Imagine this: You and your colleagues know there are problems to be solved. You have resources to offer, such as funding, access to experts, and publicity.
You are pretty sure there are people with great ideas out there, asking questions, defining the scope of the problems you care about, seeing things that you can’t see. Some people are even forging ahead, developing solutions on their own, but you don’t know how to connect with them.
You need an intake valve for new ideas, a honeypot to attract problem-solvers. So you launch a prize competition.
If you have escaped all the buzz around prize competitions and grand challenges over the last decade or so, don’t worry. KidneyX has a wonderful FAQ, including:
What is a prize competition?
A prize competition is a method of problem-solving that describes a problem (usually to the general public) and offers a prize or prizes to whoever comes up with the best solution(s). Prize competitions are a good way to attract ideas and skills from a wide range of fields.
I served as a volunteer judge for the KidneyX Patient Innovator challenge and was bowled over by the creativity of the submissions, both those who won and those who did not. It reminded me to welcome people into the health innovation conversation who may not think of themselves as inventors, but who deeply understand the community at the center of a crisis. The “need-knowers” as Tikkun Olam Makers call them.
This piece is part of the series “The Health Data Goldilocks Dilemma: Sharing? Privacy? Both?” which explores whether it’s possible to advance interoperability while maintaining privacy. Check out other pieces in the series here.
A question I hear quite often, sometimes whispered, is: Why should anyone care about health data interoperability? It sounds pretty technical and boring.
If I’m talking with a “civilian” (in my world, someone not obsessed with health care and technology) I point out that interoperable health data can help people care for themselves and their families by streamlining simple things (like tracking medication lists and vaccination records) and more complicated things (like pulling all your records into one place when seeking a second opinion or coordinating care for a chronic condition). Open, interoperable data also helps people make better pocketbook decisions when they can comparison-shop for health plans, care centers, and drugs.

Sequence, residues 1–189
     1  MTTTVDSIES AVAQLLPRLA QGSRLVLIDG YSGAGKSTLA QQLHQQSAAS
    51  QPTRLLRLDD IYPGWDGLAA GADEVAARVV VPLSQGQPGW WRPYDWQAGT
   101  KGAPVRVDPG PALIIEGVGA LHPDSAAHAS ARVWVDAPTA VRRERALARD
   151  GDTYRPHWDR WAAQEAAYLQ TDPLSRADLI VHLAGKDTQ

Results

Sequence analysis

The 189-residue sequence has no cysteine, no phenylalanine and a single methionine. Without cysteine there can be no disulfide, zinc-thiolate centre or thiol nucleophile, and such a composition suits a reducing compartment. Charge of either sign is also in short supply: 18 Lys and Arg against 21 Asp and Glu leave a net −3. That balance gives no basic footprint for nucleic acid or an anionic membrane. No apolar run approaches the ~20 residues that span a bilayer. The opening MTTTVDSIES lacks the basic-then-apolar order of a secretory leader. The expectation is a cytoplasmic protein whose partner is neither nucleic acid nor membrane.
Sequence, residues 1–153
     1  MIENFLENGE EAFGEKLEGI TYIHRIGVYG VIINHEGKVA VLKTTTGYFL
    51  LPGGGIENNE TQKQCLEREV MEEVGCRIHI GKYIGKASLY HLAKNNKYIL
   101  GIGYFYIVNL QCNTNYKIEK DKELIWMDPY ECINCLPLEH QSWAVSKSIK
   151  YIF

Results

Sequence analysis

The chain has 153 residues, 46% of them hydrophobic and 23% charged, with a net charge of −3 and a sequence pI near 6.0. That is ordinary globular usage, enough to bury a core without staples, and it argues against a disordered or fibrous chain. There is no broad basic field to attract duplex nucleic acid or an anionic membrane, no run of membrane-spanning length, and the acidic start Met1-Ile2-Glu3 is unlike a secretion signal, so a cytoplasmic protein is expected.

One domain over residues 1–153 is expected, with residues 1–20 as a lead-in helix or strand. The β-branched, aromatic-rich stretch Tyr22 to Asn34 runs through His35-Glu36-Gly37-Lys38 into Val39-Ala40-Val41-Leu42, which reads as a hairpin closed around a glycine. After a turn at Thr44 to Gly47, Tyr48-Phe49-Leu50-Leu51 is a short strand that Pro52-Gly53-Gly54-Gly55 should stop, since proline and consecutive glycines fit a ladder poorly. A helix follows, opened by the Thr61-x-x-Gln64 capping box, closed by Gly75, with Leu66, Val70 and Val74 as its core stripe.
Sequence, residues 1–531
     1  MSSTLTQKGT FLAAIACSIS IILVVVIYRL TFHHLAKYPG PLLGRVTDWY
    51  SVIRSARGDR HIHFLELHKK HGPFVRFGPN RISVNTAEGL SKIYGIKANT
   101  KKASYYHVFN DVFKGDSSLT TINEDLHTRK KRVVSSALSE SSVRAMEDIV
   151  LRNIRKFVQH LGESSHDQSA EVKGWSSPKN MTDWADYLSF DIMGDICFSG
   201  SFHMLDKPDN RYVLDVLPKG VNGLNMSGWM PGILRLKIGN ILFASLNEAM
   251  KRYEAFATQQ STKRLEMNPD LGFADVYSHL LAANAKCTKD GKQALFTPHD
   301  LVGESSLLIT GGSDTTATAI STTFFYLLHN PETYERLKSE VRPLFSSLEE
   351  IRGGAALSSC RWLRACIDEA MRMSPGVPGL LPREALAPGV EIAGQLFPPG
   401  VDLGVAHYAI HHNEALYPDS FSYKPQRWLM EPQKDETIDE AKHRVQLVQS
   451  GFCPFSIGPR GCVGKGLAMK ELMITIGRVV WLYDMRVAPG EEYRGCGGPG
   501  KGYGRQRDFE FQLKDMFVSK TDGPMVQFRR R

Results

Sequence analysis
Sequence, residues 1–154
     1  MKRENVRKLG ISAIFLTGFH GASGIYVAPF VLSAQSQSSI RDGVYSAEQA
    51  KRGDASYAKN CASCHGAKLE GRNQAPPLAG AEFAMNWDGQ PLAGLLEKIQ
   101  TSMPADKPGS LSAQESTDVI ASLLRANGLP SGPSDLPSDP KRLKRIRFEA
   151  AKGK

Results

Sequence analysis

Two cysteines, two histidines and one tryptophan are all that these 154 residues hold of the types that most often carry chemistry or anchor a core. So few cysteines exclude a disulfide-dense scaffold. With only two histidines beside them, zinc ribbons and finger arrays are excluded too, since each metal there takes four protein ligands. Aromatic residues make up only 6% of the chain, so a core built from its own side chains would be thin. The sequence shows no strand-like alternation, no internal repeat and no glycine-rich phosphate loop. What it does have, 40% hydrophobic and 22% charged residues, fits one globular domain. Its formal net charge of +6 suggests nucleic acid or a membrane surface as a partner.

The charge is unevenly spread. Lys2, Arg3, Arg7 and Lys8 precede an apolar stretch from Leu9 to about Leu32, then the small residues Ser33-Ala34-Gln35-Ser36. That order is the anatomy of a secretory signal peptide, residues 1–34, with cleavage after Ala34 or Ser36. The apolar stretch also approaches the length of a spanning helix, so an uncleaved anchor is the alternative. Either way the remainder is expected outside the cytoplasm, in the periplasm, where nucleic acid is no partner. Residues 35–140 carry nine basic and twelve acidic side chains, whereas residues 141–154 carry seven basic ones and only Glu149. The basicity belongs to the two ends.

Sometimes business leaders push back on the health data rights movement, asking, sometimes aggressively: Who really wants their data? And what would they do with it if they got it? Nobody they know, including their current customers, is clamoring for interoperable health data.
We missed our chance to do a Happy Hour Health in 2 Point 00 at Connected Health in Boston (but let’s be honest, those are usually not the most cogent pieces of information in health and technology). Join Jessica DaMassa as she gets my take on the conference starting with #S4PM’s event, where I met some incredible people, including Patty Brennan and Doug Lindsey, who spoke about their experiences with health care knowledge (deploying it and creating it!). Danny Sands and e-Patient Dave even had quite the musical performance there, singing about e-Patient blues. Susannah Fox, Don Berwick, Don Norman were at Connected Health 18, presenting their new initiative, L.A.U.N.C.H. I even interviewed Jesse Ehrenfeld, the chair elect of AMA, and his spoke to him about the digital health play book that the AMA just released. A company to take note of that wasn’t at #CHC is Devoted Health, who just raised $300m. Devoted is looking at building a better Medicare Advantage “payvider” for seniors. If you are interested in Guild Serendipity’s conference which empowers and engages female CEOs and Cofounders, come join us in San Francisco October 26-27, SMACK.health is sponsoring the women’s health houses – Matthew Holt